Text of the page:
With Mothra vs. Godzilla also becoming a huge hit, the character of Mothra would make appearances in other Godzilla films such as Ghidorah The Three-Headed Monster, Ebirah, Horror of the Deep, and Destroy All Monsters, she wouldn’t be as much as the primary focus and as such aside of Honda’s usual themes of cooperation amongst ourselves. And after 1975 with the release of Terror of Mechagodzilla, Toho would end the first era of their Kaiju films or what many would dub it the Showa Era. It wouldn’t be until 1984 where Toho would revive their kaiju franchise with 1984’s The Return of Godzilla.

But while The Return of Godzilla was a reasonable hit in Japan, its sequel Godzilla vs. Biollante would be released in 1989, only for it to be a disappointment in the box office. As such Toho decided to devote this new era of Godzilla dubbed The Heisei era to revive classic Toho kaiju and in 1992 would mark the return of Mothra with Godzilla vs. Mothra. In the film a group of explorers sponsored by the fictional Marutomo company explores an uncharted island, only to discover a giant egg. They then encounter this film’s incarnation of the twin fairies (now called The Cosmos) as they revealed the egg is Mothra who was reincarnated after losing aginst her twin brother Battra, who was created after an ancient civilization heavily destroyed the Earth’s environment. At the same time, both Godzilla and larva Battra are awakened due to a giant meteor striking the pacific ocean.

The Marutomo company offers to “help” the fairies and Mothra by taking the egg to Japan for “safety”. Unfortunately, the freighter transporting the egg is intercepted by Godzilla and Battra, forcing Mothra to hatch and fight off the two kaiju with Godzilla and Battra sinking into an underwater volcano. It then turns out the CEO of Marutomo wanted the fairies and the egg for publicity purposes and our human heroes save the fairies from him. Mothra would then make landfall in Japan and evolve into her adult form just as Battra does the same and Godzilla returns to attack Japan. The three battle in the film’s climax where Godzilla kills Battra and Mothra taking Godzilla to see and attempts to imprison the kaiju there.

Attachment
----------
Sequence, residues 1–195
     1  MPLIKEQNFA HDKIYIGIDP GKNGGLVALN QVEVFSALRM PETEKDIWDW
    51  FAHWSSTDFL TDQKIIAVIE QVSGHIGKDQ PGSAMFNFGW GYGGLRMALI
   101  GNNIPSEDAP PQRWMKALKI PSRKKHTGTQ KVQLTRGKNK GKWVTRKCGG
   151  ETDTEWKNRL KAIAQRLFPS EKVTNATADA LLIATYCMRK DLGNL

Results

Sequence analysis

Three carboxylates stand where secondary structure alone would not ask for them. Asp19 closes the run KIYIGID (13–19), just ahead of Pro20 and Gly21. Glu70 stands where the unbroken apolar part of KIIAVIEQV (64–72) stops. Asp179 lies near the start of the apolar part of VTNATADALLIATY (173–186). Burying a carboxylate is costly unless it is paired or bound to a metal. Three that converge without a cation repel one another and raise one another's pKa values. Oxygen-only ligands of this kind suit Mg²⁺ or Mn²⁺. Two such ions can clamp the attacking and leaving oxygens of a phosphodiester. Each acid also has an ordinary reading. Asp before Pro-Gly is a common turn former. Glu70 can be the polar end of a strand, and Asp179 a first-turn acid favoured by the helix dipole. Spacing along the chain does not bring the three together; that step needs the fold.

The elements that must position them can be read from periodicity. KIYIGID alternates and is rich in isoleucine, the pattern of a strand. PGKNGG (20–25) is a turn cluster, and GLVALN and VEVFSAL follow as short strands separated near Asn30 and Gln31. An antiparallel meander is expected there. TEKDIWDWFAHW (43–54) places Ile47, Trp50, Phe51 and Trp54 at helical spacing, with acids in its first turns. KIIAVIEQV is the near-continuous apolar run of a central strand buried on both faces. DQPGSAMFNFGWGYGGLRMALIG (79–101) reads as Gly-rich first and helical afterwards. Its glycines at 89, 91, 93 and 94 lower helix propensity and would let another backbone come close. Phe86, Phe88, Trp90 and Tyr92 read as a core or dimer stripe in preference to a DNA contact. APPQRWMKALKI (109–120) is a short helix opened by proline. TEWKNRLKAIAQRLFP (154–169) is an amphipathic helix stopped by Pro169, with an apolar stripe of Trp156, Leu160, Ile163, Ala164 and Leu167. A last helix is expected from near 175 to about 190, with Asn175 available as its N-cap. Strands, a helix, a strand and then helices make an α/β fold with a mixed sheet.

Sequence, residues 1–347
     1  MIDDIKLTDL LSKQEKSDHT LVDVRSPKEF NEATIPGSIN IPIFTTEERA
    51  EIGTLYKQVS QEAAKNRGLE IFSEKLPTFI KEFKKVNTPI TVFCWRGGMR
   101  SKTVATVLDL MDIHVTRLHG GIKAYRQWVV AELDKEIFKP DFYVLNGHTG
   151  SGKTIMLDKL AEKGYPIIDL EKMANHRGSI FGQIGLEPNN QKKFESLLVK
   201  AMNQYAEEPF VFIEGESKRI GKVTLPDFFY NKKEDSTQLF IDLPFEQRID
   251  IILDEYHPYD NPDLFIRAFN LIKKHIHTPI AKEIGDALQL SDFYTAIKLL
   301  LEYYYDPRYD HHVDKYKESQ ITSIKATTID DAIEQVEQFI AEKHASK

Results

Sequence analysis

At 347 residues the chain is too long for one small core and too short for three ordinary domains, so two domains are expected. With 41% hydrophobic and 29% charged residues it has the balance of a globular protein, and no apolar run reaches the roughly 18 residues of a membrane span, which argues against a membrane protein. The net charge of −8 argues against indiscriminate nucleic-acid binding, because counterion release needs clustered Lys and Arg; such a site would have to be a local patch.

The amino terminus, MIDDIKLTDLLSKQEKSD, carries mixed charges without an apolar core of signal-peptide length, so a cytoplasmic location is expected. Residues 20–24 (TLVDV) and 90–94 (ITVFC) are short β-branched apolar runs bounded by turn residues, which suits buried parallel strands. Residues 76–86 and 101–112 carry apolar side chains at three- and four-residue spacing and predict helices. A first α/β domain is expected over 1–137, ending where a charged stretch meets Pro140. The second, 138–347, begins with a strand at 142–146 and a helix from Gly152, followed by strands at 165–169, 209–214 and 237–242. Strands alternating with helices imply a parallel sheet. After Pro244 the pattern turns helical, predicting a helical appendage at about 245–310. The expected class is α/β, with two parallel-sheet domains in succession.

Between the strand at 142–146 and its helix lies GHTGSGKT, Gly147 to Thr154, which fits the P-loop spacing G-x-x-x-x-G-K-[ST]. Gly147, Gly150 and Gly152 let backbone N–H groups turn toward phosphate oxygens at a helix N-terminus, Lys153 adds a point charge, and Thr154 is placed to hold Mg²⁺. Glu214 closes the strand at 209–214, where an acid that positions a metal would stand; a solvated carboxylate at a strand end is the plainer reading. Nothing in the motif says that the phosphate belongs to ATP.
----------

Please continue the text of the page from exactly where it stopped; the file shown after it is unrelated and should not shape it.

While Godzilla vs. Mothra suffers from a very messy plot and is almost laughable in how overzealous in its environmental messages that make films such as Godzilla vs. Hedorah look downright subtle, it does bring up dangers of capitalism with this case heavy deforestation. In fact, one of the reasons Battra lashes out on Japan is due to his purpose of protecting the planet no matter what. And in the film’s climax, the CEO of Marutomo stubbornly stands his grounds for his desire to expand his company despite Godzilla rampaging across Japan as his partner claims Godzilla’s wrath is the planet’s revenge against him.

And while this film delves into Captain Planet territory, director Takao Okawara clearly knew how the themes of Mothra as a character is vital for her reintroduction. And her return proves that she is a pillar of the Godzilla franchise as Godzilla vs. Mothra would become the highest growing entry in the Heisei Godzilla series. So much so that in 1996 Toho decided Mothra would be popular enough to have her own films again with the first entry of The Rebirth of Mothra trilogy. And while it’s definitely aimed at a much younger audience (akin to the Showa era Gamera films) the first film delves into deforestation that seemed to have continued from Godzilla vs. Mothra.

And as the franchise enters the Millenium, the character of Mothra would focus on themes of spirituality as seen in her appearances in Godzilla, Mothra and King Ghidorah: Giant Monsters All-Out Attack, and Godzilla Tokyo SOS. And with Legendary bringing Mothra into the modern age with 2019’s Godzilla: King of the Monsters, it’s clear Mothra as a character has enured ver since her debut in 1961. But it’s still fascinating how a film about giant moths and singing faires delve heavily in themes of heavy capitalism and with today’s conversation of the gap between the rich and poor, it seems Mothra is more relevant now than ever before.